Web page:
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President Obama awards Bob Dylan the Presidential Medal of Freedom, “our Nation’s highest civilian honor, presented to individuals who have made especially meritorious contributions to the security or national interests of the United States, to world peace, or to cultural or other significant public or private endeavors.”
President Obama: you’re holding the answer in your hand.
Mr. President: Over 4000 peaceful protesters have been arrested. While bankers continue to destroy the American economy. You must stop the assault on our 1st amendment rights. Your silence sends a message that police brutality is acceptable. Banks got bailed out. We got sold out.
Captured by the AP’s Charles Dharapak
On the same day that Gabe Sherman has a nice piece on the romance between conservative-moderate-whatever NYT columnist David Brooks and the Obama Administration, Brooks has one of the most wrong-headed things I’ve ever read about Obama’s health care program, and the legislative strategy behind it. Let’s just pick a few points for scrutiny:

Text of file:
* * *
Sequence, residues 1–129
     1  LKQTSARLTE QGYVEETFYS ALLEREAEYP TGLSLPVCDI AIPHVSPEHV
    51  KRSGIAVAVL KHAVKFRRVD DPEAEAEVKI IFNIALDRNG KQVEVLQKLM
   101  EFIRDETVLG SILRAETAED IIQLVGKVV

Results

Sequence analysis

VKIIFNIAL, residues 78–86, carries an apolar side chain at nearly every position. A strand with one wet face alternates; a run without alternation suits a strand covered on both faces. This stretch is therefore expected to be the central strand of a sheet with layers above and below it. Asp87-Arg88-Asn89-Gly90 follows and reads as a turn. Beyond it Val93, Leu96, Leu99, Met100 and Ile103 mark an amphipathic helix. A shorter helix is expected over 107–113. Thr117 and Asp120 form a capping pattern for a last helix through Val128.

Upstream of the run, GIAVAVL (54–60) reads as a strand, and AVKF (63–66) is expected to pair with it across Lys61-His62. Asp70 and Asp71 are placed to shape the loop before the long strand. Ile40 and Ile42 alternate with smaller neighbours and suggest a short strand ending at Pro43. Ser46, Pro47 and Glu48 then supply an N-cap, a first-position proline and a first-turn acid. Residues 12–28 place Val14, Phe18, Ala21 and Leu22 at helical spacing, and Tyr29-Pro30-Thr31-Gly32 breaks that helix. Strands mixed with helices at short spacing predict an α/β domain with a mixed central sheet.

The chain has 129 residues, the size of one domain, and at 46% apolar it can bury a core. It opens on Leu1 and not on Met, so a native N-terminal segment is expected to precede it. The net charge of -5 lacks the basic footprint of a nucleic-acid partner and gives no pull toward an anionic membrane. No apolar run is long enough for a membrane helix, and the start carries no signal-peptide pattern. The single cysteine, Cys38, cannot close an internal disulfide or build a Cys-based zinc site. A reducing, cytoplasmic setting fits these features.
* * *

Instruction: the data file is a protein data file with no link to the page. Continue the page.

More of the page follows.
Obama’s challenge was to push his agenda through a Democratic-controlled government while retaining the affection of the 39 percent of Americans in the middle.
Wrong. Let’s try again.
Obama’s challenge was to push his agenda through a Democratic-controlled government
while retaining the affection of the 39 percent of Americans in the middle.
The administration hasn’t been able to pull it off. From the stimulus to health care, it has joined itself at the hip to the liberal leadership in Congress.
… who, we should recall, were elected by the people after the Republicans’ catastrophic failure. (Otherwise, they’d be the liberal minority in Congress.)
The White House has failed to veto measures, like the pork-laden omnibus spending bill, that would have demonstrated independence and fiscal restraint.
… and made conservative columnists happy.
The result is the Obama slide, the most important feature of the current moment. The number of Americans who trust President Obama to make the right decisions has fallen by roughly 17 percentage points. Obama’s job approval is down to about 50 percent.
… just slightly higher than the percentage who approved of George Bush when he was “re”elected in 2004, and almost double what he had when he left office.
All presidents fall from their honeymoon highs, but in the history of polling, no newly elected American president has fallen this far this fast.
Anxiety is now pervasive.
Well, there’s a recession.
The public’s view of Congress, which ticked upward for a time, has plummeted. Charlie Cook, who knows as much about Congressional elections as anyone in the country, wrote recently that Democratic fortunes have “slipped completely out of control.”